Ukraine needs to be more like Poland

There was a saying in the Soviet Union: "If you are not stealing from the government, you are stealing from your own family."  That was the problem with a lack of morality.  The government responded by having guards on everything.  Even relatively immovable objects such as bridges had guard posts on them.  The thieving and its countermeasures were a great drain on the economy.  The communist countries weren't taught the Eighth Commandment and the Golden Rule.  Then communism fell apart in 1990, and the former eastern bloc countries were left with shrunken economies and still no morality.

Some turned around faster than others.  Consider the data in the following chart of GDP per capita for Poland, Russia, and Ukraine since 1980 (data from USDA):

Both Russia and Ukraine took ten years to bottom out after the dissolution of 1990.  A lot of the apparent growth in Russian GDP per capita since 2000 is the rebound in oil production and the higher oil prices of the last decade.  Oil and gas constituted 68% of Russia's exports in 2013.  Take out the oil and gas production, and Russian GDP per capita would be $8,000 per annum, not $11,400.  But Ukraine is the basket case of Europe, a Euro version of Bolivia.  Ukraine is just about as poor as Bolivia and for the same reason: endemic corruption.

By comparison, Poland had one bad year after the fall of communism and then took off.  Polish GDP growth per capita has averaged 4.2 percent for the last 22 years.  At that rate, Poland will catch up with its Western neighbor Germany by 2043.  Poland doesn't have much in the way of resources, but that doesn't matter so much if you have a legal system that protects private property.  There don't seem to be that many Polish oligarchs who stole public property when communism fell.  On the other hand, the only thick, glossy magazines available at the heliport in Monaco are in Cyrillic script.  There are enough hyper-wealthy Russians residents in Monaco that their buying habits sustain several such magazines.

Russia is now gnawing away at Ukraine's eastern provinces.  Ukraine would be better able to defend itself, and give its people more to believe in, if it were less corrupt – if it were more like Poland.

David Archibald is the author of American Gripen: The Solution to the F-35 Nightmare.

There was a saying in the Soviet Union: "If you are not stealing from the government, you are stealing from your own family."  That was the problem with a lack of morality.  The government responded by having guards on everything.  Even relatively immovable objects such as bridges had guard posts on them.  The thieving and its countermeasures were a great drain on the economy.  The communist countries weren't taught the Eighth Commandment and the Golden Rule.  Then communism fell apart in 1990, and the former eastern bloc countries were left with shrunken economies and still no morality.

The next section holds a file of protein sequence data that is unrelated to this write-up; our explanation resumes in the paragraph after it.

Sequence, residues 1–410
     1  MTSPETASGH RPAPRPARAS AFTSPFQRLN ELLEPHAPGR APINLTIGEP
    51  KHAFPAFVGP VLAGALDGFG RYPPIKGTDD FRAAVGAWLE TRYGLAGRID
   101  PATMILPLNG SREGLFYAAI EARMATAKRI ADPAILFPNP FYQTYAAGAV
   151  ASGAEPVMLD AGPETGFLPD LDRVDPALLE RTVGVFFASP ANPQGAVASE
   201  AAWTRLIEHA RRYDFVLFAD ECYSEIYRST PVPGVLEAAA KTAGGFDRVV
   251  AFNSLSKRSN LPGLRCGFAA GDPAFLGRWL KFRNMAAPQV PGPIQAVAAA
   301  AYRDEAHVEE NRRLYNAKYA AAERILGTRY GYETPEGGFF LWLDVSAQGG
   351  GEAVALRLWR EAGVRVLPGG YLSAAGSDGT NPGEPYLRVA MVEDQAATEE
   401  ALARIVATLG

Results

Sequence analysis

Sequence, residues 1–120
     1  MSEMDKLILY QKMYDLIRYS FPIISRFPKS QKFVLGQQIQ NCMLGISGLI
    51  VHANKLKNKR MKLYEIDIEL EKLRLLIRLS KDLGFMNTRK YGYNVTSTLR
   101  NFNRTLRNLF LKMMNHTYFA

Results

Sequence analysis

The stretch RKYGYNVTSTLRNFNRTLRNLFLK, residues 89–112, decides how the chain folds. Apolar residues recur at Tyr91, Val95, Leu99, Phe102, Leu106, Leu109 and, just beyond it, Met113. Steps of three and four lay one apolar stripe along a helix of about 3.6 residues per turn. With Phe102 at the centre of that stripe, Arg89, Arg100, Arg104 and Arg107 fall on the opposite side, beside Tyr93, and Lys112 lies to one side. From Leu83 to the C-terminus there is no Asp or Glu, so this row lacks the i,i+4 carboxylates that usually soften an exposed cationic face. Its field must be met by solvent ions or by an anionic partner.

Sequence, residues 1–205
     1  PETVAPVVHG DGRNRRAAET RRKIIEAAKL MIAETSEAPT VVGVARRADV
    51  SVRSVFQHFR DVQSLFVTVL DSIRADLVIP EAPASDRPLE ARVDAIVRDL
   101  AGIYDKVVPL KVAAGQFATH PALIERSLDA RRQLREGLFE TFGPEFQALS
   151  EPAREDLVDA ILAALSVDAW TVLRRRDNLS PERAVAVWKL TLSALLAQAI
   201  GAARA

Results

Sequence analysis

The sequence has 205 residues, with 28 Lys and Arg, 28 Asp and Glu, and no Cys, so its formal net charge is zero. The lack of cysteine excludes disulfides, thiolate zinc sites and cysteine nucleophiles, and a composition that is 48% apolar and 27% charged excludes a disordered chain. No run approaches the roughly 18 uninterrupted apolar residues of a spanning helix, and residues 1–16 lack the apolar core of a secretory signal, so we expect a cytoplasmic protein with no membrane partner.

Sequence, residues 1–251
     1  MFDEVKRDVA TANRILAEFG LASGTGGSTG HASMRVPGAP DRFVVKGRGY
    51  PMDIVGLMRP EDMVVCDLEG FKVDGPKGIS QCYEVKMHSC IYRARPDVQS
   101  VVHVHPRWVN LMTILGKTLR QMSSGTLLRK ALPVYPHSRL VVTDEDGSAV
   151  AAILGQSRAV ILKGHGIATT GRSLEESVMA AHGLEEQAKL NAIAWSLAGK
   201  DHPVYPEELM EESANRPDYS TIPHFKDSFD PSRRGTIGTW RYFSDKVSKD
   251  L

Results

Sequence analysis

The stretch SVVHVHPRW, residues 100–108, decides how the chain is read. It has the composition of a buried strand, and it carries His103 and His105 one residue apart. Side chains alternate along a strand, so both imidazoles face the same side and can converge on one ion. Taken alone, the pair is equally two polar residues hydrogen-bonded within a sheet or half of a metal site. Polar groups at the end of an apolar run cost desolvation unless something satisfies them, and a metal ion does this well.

Some turned around faster than others.  Consider the data in the following chart of GDP per capita for Poland, Russia, and Ukraine since 1980 (data from USDA):

Both Russia and Ukraine took ten years to bottom out after the dissolution of 1990.  A lot of the apparent growth in Russian GDP per capita since 2000 is the rebound in oil production and the higher oil prices of the last decade.  Oil and gas constituted 68% of Russia's exports in 2013.  Take out the oil and gas production, and Russian GDP per capita would be $8,000 per annum, not $11,400.  But Ukraine is the basket case of Europe, a Euro version of Bolivia.  Ukraine is just about as poor as Bolivia and for the same reason: endemic corruption.

By comparison, Poland had one bad year after the fall of communism and then took off.  Polish GDP growth per capita has averaged 4.2 percent for the last 22 years.  At that rate, Poland will catch up with its Western neighbor Germany by 2043.  Poland doesn't have much in the way of resources, but that doesn't matter so much if you have a legal system that protects private property.  There don't seem to be that many Polish oligarchs who stole public property when communism fell.  On the other hand, the only thick, glossy magazines available at the heliport in Monaco are in Cyrillic script.  There are enough hyper-wealthy Russians residents in Monaco that their buying habits sustain several such magazines.

Russia is now gnawing away at Ukraine's eastern provinces.  Ukraine would be better able to defend itself, and give its people more to believe in, if it were less corrupt – if it were more like Poland.

David Archibald is the author of American Gripen: The Solution to the F-35 Nightmare.

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